I surveyed the scene before me—the quiet lapping of small waves, the barrage of men in street clothes rolling ice chests down the beach, the housing that stood like empty ghosts overlooking the beautiful bay that nobody seemed to have the time to notice.

            “What’s so great about España?”

            “I don’t know. I just want to go.  Just leave. I have a few plans in mind.”

            “Like what?”

            “Like, a spiritual quest.  Through the Pyrenees. It’s one of the places I want to see before I die.  And you know what else, Rosalie? I want to evolve. Evolving is on my to-do list.”

            “Uh huh.” I zipped up my hoodie. “What about the whole ‘wherever you go, you pack the same bags?”

            “That's the whole point of traveling. It's to change what's in your bag." 


            Momoko and I parted ways at Union Square as she was off to see boyfriend number 2 in the Bowery and I went back to Bedford in Brooklyn to peruse the stores on North 7th.

            My cell phone rang and it was Veronica calling from our hometown in Northern California.

            “Rosalie. Guess what?” Veronica was very excited and breathed heavily into the phone.

            “What? Tell.” Veronica immediately lifted my mood, making me feel lighter, giggly, happier.

            “We got engaged! He proposed a few minutes ago!”

            My heart leapt for my friend! “Really? That’s wonderful! Oh my god, congrats!” I shrieked and she shrieked and it was that moment that women friends share together the world over.  Veronica had been in a relationship with her college boyfriend Benjamin—Charlie’s best friend for forever and we all knew it was only a matter of time.  But, wow! It’s not every day that your best friend gets engaged.

            “I know! And we’re gonna have an engagement party. And you have to come home for it. I’m booking you a ticket home, okay?”

            “Oh, Veronica, awesome, of course. When’s the party?”

            “Not sure. Probably early November. But, Rosalie? I feel so happy, like my life is on course and I’m doing what makes me happy.”

            “Absolutely, Veronica. You guys are meant for each other, and you’re happy with him.” 

            “You have to be my maid of honor, okay?”

            “Yes, Veronica, of course. Anything. I’m so happy for you. I love you so much!” I sang into the phone. I was happy for Veronica. It was what she had wanted since we were three.


We talked for almost an hour and after I congratulated her a bunch more I hung up and went into the bookstore I’d been standing in front of as something had caught my eye.

            In the window was the book The Rainbow Goblins. I picked it up and sat down on the ledge where next to me were a stack of fliers for the same book club the hipster August had told me about.   I picked up a flyer and stared at it, trying to picture myself in a book club.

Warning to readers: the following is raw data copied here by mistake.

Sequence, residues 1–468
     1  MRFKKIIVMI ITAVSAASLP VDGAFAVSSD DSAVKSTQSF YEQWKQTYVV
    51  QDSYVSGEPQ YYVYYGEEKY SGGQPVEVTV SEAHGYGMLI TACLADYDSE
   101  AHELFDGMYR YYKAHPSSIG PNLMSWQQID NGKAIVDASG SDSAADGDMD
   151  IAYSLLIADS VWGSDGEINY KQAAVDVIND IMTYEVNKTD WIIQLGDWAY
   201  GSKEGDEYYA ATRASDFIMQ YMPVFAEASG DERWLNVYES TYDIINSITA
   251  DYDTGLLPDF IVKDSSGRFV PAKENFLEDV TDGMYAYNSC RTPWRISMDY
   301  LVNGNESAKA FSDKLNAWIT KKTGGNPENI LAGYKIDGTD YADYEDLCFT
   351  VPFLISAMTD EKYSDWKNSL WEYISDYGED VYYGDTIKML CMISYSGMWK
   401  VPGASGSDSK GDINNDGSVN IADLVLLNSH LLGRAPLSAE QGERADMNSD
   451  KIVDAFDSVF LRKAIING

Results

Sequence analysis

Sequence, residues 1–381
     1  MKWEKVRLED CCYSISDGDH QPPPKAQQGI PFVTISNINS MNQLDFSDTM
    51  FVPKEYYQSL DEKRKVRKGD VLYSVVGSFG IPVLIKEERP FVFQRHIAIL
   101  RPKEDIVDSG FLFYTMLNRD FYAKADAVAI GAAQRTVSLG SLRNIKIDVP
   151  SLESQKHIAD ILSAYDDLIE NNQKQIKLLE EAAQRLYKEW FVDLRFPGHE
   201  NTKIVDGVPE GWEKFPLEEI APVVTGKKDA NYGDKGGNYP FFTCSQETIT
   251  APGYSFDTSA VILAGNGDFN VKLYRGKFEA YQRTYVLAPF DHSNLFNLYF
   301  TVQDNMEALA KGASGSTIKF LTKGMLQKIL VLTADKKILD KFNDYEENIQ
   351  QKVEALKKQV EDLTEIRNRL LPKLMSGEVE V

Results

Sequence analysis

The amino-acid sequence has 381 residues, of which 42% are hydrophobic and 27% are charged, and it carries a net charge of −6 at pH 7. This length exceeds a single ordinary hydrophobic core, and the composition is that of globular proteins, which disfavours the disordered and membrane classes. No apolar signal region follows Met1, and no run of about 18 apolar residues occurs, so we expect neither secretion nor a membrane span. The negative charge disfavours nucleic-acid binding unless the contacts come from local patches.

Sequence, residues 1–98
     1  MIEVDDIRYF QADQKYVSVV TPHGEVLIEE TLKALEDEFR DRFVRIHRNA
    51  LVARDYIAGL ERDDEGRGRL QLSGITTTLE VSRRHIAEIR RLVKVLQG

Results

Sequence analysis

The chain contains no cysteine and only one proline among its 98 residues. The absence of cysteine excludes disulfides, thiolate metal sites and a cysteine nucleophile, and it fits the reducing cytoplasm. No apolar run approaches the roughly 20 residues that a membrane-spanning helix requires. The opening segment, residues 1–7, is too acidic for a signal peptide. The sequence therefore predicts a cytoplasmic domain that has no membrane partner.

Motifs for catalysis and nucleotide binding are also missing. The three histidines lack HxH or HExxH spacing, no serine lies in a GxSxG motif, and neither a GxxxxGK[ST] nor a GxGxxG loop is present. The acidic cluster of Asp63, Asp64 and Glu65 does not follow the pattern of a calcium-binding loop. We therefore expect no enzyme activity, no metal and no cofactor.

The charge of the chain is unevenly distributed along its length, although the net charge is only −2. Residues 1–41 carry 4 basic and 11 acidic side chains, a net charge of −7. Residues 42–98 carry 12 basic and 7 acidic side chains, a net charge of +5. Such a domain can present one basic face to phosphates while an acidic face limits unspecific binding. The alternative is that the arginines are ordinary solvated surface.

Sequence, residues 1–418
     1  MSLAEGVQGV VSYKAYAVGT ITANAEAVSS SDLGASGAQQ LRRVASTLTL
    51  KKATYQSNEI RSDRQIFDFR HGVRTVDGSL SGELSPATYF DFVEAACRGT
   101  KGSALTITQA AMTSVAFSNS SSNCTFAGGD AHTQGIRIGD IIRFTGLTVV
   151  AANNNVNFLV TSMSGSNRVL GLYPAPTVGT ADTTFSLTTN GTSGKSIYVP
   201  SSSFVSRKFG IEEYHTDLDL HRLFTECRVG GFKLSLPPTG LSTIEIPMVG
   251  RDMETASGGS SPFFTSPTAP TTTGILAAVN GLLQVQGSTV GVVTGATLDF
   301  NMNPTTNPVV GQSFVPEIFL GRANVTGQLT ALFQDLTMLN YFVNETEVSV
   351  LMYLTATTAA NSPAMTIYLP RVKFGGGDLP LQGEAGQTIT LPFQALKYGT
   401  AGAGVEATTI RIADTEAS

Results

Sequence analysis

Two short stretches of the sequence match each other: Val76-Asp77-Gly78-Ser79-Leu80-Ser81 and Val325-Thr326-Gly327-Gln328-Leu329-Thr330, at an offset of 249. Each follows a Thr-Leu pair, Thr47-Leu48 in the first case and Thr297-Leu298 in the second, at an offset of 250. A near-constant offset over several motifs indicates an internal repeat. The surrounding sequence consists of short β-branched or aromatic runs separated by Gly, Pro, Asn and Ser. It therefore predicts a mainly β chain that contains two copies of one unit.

I had stopped reading as soon as I finished school. Life just seemed to take over and before I knew it, a whole year had passed and the only two books I’d read were What Color is Your Parachute and a book on the secret world of plants.

            Then there were the fashion magazines Momo had lying around the loft. But I had never more than half-heartedly read any of the content in them because how many times can you read about whether the cellulite cream works or not?  What I had begun to do with the fashion magazines was pull them apart.  Ripping them into lines of color, collaging all of the greatest designs into shapes, patterns, feelings. It was an unconscious sorting and shaping of how I would have done it if I were the creative director of the photo shoots.

            Usually I took a the images of your classic magazine shoots—say of the models dressed as Robots in the New York Botanical Gardens and doubled it; adding in more lights, more frizz, more makeup, more flowers, more neon, more metallic, more of everything. Whatever it was, I wanted it to ooze from everywhere.  In fact, my idea of beauty always contained a certain element of oozing and constant of color.        

            I was four or five years old and my mother gave me The Rainbow Goblins by Ul De Rico.  It’s a kid’s book about goblins who chase rainbows and lasso them and steal their color. There is the blue goblin, the yellow goblin, the red goblin, etcetera and they live in a cave in the side of a mountain by a deep valley. At the very end of the story they pull one of the rainbows down on them so hard that it drowns them in a field of flowers; just too much color. They drown in a river of melted Crayola crayons. I remember seeing that when I was so young and the image was delicious. I wanted to drown in that color. I wanted to eat that color. To me, there could be nothing better than drowning in color; in a beautiful sea bed of bright flowers.  Madison Avenue had appeared that way to me. 

            I picked up another book club flyer, bought the book and headed home to my sanctuary in Bushwick.